Parental Employment and Child Cognitive Development

Christopher J. Ruhm

NBER Working Paper No. 7666
Issued in April 2000
NBER Program(s):Children, Health Care, Health Economics

This study investigates the relationship between parental employment and child cognitive development using data from multiple years of the National Longitudinal Survey of Youth. Maternal labor supply during the first three years of the child's life is predicted to have a small negative effect on the verbal ability of 3 and 4 year olds and a substantial detrimental impact on the reading and math achievement of 5 and 6 year olds. Working during the second and third years appears to have less favorable or more deleterious consequences when the mother is also employed in the first year. The results are robust to the inclusion of controls for day care arrangements or paternal job-holding and there is some indication that early employment may be particularly costly for children in traditional' two-parent families. Finally, the data suggest that paternal and maternal employment have qualitatively similar effects, hinting at the importance of time investments by fathers. The overall conclusion is that previous research may have provided an overly optimistic assessment of the effects of parental employment on child cognitive development.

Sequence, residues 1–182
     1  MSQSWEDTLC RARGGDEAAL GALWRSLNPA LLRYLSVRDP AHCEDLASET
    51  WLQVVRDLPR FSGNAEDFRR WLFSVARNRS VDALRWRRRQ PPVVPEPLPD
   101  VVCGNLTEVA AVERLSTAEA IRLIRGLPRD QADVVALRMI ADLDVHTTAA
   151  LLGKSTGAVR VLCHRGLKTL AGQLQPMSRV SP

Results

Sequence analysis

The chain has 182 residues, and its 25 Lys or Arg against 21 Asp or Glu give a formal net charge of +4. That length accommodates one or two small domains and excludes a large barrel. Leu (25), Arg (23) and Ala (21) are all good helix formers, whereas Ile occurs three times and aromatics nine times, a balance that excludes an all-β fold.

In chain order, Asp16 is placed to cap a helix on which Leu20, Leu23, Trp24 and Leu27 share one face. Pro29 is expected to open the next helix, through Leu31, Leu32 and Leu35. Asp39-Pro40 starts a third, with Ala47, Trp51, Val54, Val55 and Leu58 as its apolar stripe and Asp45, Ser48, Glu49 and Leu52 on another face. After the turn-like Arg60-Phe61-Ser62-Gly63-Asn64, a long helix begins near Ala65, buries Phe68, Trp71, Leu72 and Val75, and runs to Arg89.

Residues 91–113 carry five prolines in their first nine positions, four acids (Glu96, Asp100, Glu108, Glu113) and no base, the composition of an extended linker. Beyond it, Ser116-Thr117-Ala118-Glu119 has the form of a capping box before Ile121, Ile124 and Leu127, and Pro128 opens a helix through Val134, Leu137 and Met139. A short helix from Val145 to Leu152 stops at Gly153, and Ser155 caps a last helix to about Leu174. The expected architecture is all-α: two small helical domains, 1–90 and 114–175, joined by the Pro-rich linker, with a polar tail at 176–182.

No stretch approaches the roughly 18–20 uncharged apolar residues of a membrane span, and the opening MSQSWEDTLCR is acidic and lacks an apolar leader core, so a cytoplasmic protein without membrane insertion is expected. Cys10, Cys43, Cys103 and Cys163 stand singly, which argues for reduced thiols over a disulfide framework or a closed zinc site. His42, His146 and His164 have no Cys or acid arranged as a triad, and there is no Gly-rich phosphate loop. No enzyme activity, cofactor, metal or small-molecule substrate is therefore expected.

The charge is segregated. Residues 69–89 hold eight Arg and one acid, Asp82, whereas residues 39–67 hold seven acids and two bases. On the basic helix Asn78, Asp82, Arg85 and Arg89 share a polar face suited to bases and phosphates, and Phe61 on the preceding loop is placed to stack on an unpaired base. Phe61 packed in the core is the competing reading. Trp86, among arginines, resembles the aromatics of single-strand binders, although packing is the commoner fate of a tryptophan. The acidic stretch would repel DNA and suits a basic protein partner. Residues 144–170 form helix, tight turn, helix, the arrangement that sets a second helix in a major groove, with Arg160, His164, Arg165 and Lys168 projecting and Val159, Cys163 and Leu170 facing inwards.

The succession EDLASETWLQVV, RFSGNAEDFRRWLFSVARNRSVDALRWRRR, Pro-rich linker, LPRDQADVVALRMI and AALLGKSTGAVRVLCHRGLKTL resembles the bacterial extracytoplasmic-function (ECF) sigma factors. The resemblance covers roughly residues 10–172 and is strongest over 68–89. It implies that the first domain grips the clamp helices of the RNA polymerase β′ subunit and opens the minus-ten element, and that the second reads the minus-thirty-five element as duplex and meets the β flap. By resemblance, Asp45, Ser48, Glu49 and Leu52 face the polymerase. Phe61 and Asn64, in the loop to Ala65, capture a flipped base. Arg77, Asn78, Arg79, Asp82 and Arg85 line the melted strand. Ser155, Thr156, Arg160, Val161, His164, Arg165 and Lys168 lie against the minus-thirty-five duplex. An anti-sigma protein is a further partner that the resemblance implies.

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Document Object Identifier (DOI): 10.3386/w7666

Published: Christopher J. Ruhm, 2004. "Parental Employment and Child Cognitive Development," Journal of Human Resources, University of Wisconsin Press, vol. 39(1). citation courtesy of

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